On the final day that Egyptian authorities courted 100 senior business executives exploring investment opportunities, a the U.S. Embassy in Cairo, defacing American flags, painting “bin Laden” on a gate and occupying the grounds for hours. The crowd was angered by a U.S.-produced video mocking the Muslim Prophet Muhammad.
Egyptian President Mohamed Mursi focused his ire on the makers of the video, asking U.S. officials to prosecute them. It took a full day for Mursi to say his government was committed to protecting foreign missions, and that happened only after President Barack Obama described Egypt, which is technically a major non-NATO ally, as neither an ally nor an enemy of the U.S.
Compare that reaction with that of the government in Libya, which responded with alacrity following an attack hours later on the U.S. Consulate in Benghazi, in which four U.S. diplomats, including Ambassador Chris Stevens, were killed. Its leaders pledged to work with the U.S. to track down the killers. The president of Libya’s National Congress apologized to the U.S., “if not the whole world,” for the atrocity.
Mursi had an opportunity, at the start of events, to dampen the risk of trouble spreading. Egypt, after all, aspires to be the political leader of the Middle East. Instead, his too-little, too-late responses left the ground fertile for further unrest, which in fact broke out in Tunisia and in Yemen, where protesters breached the U.S. embassy’s security perimeter. Egypt’s Muslim Brotherhood, from which Mursi emerged, upped the ante, announcing additional nationwide protests to follow Friday prayers Sept. 14.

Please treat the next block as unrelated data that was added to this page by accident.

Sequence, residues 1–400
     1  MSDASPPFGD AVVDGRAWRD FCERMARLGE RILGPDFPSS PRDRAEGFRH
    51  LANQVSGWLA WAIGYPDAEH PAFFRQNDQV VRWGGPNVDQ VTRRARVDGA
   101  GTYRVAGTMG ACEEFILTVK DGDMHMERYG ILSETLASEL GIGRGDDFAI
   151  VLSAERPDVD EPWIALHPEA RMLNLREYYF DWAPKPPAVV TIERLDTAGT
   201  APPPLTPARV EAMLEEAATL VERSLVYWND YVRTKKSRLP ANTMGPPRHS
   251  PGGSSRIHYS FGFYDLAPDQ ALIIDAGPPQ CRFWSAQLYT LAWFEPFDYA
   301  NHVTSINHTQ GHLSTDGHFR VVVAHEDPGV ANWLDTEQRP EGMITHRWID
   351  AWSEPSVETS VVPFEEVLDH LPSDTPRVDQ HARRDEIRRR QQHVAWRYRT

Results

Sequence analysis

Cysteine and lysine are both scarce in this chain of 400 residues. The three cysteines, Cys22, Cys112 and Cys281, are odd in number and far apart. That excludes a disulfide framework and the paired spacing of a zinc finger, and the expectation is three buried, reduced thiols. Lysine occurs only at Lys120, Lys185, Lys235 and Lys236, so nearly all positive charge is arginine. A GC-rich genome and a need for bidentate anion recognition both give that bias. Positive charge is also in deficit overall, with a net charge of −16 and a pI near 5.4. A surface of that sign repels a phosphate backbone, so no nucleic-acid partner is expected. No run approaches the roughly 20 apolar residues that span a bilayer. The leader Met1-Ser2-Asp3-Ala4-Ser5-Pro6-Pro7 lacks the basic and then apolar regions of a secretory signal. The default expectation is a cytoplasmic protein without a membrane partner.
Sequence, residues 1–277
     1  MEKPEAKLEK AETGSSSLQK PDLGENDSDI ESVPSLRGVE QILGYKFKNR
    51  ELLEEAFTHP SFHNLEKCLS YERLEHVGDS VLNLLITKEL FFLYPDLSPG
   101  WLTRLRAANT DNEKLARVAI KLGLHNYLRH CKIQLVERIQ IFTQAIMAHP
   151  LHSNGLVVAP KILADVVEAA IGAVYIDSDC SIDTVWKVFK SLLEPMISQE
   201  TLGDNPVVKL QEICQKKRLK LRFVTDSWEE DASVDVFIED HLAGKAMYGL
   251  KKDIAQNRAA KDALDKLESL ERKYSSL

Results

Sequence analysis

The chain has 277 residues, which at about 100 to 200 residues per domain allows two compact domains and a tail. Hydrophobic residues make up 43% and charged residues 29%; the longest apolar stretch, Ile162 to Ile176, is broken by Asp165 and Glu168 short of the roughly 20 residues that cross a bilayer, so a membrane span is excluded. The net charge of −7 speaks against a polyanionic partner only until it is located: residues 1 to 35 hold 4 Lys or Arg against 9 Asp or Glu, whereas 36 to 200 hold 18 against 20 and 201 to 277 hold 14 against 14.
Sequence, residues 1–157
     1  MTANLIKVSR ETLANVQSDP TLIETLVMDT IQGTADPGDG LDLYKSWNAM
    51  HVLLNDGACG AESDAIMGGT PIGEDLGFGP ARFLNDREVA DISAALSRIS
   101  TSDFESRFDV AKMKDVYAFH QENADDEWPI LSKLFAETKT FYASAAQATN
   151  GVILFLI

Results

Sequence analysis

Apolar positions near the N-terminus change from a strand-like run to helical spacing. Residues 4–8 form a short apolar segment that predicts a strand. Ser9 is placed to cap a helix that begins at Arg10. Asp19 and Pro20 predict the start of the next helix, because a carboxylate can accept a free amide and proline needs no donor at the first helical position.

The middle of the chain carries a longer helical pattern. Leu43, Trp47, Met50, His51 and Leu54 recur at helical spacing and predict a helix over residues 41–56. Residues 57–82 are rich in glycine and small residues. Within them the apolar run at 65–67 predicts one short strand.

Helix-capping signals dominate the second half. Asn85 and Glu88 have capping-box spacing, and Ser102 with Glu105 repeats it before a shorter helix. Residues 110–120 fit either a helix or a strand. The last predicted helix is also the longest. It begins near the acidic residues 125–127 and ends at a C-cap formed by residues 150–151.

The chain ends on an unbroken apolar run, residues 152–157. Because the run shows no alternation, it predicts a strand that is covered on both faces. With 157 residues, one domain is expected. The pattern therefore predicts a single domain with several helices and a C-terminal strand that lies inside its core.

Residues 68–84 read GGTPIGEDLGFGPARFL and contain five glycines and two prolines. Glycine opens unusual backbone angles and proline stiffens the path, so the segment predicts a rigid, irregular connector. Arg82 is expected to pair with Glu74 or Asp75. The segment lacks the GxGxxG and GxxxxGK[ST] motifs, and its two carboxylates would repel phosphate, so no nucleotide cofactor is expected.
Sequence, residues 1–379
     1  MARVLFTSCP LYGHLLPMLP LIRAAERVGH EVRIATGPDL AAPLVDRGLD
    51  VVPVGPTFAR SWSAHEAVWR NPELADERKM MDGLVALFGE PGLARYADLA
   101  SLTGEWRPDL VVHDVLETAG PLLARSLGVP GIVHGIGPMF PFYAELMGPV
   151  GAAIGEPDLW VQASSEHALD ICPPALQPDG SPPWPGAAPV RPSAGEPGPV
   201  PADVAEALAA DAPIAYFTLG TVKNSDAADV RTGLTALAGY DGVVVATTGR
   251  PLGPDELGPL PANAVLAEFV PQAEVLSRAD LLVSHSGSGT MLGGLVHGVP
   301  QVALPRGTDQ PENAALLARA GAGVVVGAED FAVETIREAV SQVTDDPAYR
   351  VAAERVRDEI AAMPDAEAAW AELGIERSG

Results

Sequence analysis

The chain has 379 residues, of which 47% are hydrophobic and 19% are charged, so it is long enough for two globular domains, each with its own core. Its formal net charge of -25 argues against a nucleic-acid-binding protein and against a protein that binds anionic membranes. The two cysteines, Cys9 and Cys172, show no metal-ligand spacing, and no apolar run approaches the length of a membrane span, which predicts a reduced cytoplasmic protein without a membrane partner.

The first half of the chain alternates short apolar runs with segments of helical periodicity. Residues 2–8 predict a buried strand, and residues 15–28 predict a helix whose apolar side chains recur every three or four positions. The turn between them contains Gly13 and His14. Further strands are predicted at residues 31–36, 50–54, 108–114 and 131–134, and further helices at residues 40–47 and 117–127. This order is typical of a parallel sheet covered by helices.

Mursi is no longer a leader of a religious movement. As the president of Egypt, he’s a statesman, with responsibilities that require him to go beyond pandering to his supporters. They include protecting and respecting as sacrosanct diplomatic missions in Egypt, which have suffered four attacks over the past year.
His job also requires him to ensure the prosperity of his people. Egypt won’t rise above its current economic travails -- crippling unemployment, sputtering growth, rapidly depleting reserves -- without significant help from abroad. The U.S. alone supplies Egypt $1.5 billion in annual assistance, has pledged $1 billion in debt forgiveness and has supported a proposed $4.8 billion loan from the International Monetary Fund. This is not the kind of largesse the U.S. government extends to a country that isn’t truly an ally. Nor are those 100 business execs likely to return home eager to invest in Egyptian enterprises given the callousness of the country’s response to the week’s events.
Mursi is still new in a job he was scarcely prepared for, and he’s shown that he’s capable of taking bold stands -- for instance when he visited Tehran for the meeting of the Non-Aligned Movement and blasted Syria for the war it is waging against its people. He has time to correct course, and needs to do so, beginning with a clear condemnation of the violence and a declared willingness to stop and punish further such attacks.
Egyptians make the argument that though the Muslim Brotherhood is now in charge, Egypt is not the new Iran. A fifth, sixth or seventh embassy transgression could make that case hard to swallow.
To contact the senior editor responsible for Bloomberg View’s editorials: David Shipley at firstname.lastname@example.org.